London is currently rediscovering the pleasures of the farce, albeit in a nostalgic fashion. With ‘Noises Off’ and the even more venerable ‘One Man, Two Guv’nors’ currently packing ’em in again, ‘The Ladykillers’ looked like it might be a step too far, even re-written from the 1955 film by Graham ‘Father Ted’ Lineham. But, seeing as it’s set on my home turf of King’s Cross, I thought I should check it out.
The first thing to get right is the casting; with Peter Capaldi replacing Alec Guinness and Marcia Warren taking over little old lady duties from the wonderful Katie Johnson, we’re in safe hands. When Professor Marcus first rings her doorbell, his Nosferatu-like shadow creeps across the glass. His gang of thieves masquerading as a string quintet are all superbly realised, and have to negotiate a startling revolving set that depicts the lop-sided house and the strange atmosphere of King’s Cross – the designer gets the details spot-on, right down to the drain-fed buddleia weeds springing out of the brickwork.
The robbery is handled with miniature cop cars and a train that chugs over the roof of the house – this is a slick, expensive production that thinks nothing of presenting us with the vast tunnels under the terminal for just a moment. The real pleasures are less in the broad slapstick (a revolving blackboard that repeatedly knocks a crook in the face becomes tiresome) but in moments of genuinely surreal dialogue. At one point, with a gaggle of old ladies at the door, a furious argument erupts about the correct definition of the phrase ‘tea-time’. Mrs Wilberforce’s diseased parrot General Gordon is described as looking like ‘a starving baby in a sock’, and a gangster with a cleaning fetish manages to hide a full-sized mop about his person.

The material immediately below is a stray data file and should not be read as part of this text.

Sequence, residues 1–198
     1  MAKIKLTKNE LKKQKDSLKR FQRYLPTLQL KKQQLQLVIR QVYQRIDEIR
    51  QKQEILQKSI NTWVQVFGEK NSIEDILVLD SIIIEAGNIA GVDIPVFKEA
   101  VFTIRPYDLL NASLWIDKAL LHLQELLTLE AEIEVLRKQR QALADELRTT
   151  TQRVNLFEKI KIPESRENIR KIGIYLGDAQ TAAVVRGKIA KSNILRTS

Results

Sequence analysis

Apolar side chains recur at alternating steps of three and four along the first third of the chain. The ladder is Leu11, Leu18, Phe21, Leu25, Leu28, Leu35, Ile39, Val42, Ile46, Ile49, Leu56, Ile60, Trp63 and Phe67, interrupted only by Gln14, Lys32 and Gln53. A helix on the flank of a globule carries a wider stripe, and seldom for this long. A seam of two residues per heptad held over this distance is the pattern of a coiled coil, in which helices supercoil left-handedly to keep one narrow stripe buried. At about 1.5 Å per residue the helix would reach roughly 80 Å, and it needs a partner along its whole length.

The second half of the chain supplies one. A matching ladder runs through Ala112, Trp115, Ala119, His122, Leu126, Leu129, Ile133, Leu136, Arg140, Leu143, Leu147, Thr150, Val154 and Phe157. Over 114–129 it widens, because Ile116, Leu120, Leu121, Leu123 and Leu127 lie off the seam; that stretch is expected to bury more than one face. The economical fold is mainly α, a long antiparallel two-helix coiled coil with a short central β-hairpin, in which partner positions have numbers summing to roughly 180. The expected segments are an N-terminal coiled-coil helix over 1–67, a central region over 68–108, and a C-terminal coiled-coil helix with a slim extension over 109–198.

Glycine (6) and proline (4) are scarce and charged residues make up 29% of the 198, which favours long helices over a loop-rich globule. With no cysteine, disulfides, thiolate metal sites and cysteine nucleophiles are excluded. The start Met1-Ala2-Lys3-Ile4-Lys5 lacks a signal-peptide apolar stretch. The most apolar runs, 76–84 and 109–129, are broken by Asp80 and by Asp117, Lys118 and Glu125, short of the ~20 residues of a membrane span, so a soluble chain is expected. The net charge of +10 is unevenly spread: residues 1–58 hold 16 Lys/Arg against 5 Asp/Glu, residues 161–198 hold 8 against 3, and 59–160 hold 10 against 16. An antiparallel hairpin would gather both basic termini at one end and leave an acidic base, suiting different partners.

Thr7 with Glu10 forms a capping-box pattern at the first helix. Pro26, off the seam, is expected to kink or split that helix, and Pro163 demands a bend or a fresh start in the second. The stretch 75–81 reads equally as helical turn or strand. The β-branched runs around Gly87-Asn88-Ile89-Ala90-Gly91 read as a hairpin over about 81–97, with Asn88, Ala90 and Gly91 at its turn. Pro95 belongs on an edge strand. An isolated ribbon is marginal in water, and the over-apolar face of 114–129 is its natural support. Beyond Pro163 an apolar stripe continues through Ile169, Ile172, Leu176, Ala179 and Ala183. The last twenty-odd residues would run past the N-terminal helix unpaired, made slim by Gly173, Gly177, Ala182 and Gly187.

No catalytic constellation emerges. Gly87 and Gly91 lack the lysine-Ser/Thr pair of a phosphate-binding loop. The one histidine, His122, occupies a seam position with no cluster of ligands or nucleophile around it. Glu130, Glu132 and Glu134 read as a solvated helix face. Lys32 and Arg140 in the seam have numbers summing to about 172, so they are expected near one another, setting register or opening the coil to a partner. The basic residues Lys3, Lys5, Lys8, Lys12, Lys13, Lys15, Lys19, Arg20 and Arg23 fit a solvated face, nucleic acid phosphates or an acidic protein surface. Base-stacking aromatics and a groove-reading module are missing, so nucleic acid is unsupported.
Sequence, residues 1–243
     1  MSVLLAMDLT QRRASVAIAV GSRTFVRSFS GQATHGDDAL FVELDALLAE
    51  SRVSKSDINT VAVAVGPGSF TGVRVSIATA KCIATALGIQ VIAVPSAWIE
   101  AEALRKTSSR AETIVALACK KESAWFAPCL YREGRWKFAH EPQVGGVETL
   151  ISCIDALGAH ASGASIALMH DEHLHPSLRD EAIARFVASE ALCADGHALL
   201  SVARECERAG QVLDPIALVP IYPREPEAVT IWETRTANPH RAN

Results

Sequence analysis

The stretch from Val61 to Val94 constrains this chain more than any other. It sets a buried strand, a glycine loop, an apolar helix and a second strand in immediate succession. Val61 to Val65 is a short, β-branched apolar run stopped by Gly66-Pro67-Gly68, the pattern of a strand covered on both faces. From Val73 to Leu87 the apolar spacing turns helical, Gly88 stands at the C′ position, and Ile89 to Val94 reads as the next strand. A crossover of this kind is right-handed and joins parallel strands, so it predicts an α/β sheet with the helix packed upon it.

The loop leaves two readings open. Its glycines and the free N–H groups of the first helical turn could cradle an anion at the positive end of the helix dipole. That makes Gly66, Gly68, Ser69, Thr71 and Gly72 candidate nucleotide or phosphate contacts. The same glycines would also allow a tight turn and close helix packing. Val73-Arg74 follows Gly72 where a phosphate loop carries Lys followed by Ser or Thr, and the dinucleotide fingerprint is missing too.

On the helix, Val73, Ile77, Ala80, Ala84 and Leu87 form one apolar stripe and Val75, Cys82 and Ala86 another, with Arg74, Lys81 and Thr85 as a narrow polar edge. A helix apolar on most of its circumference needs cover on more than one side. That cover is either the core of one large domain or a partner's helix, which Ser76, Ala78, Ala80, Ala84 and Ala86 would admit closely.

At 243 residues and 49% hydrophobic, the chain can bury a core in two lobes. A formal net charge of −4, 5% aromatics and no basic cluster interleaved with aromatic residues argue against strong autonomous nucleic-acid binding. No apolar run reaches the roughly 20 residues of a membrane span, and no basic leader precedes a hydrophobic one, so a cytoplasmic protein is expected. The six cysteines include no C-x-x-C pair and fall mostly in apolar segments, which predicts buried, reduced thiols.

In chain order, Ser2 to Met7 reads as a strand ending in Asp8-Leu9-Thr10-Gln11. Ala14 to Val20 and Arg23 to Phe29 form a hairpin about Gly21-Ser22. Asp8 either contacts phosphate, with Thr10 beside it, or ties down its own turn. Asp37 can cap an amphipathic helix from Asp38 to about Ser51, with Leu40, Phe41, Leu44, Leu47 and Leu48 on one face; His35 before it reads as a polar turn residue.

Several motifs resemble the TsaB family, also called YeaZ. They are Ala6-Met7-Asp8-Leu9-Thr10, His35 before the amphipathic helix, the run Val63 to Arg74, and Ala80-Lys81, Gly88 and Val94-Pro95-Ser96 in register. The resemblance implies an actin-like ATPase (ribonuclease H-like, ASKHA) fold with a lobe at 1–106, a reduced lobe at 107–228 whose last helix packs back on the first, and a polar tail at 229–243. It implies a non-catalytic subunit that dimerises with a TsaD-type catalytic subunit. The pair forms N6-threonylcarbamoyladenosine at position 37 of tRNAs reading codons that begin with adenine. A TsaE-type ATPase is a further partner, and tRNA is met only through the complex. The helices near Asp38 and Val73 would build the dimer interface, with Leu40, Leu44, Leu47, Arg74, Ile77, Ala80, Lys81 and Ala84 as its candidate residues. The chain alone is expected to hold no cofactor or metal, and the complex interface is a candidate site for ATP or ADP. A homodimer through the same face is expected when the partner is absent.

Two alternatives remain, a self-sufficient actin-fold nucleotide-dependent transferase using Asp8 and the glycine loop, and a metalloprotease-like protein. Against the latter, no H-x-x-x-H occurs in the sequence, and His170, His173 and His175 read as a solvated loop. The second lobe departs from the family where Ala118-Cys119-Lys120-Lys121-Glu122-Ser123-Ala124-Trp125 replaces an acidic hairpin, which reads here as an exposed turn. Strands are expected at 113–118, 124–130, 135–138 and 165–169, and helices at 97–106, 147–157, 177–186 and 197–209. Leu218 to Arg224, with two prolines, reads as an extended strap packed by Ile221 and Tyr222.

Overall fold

There are plenty of other sight gags. The most peculiar moment arrives with all five gangsters squeezed into a tiny cupboard, unable to justify their presence there. Whenever a train passes the very house itself shifts with subsidence, disconcerting the crooks but not Mrs Wilberforce, who never gives an inch once the murders – the creepiest taking place in the dark with a cello string – start to decimate the gang.
Capaldi makes a rather fine substitute for Guinness, using his lanky form like a snake, twisting and insinuating himself into the home. Rather than being conked on the head by a railway signal, the Prof is doomed by the one item of clothing that has tied him to Mrs Wilberforce throughout – his lengthy scarf.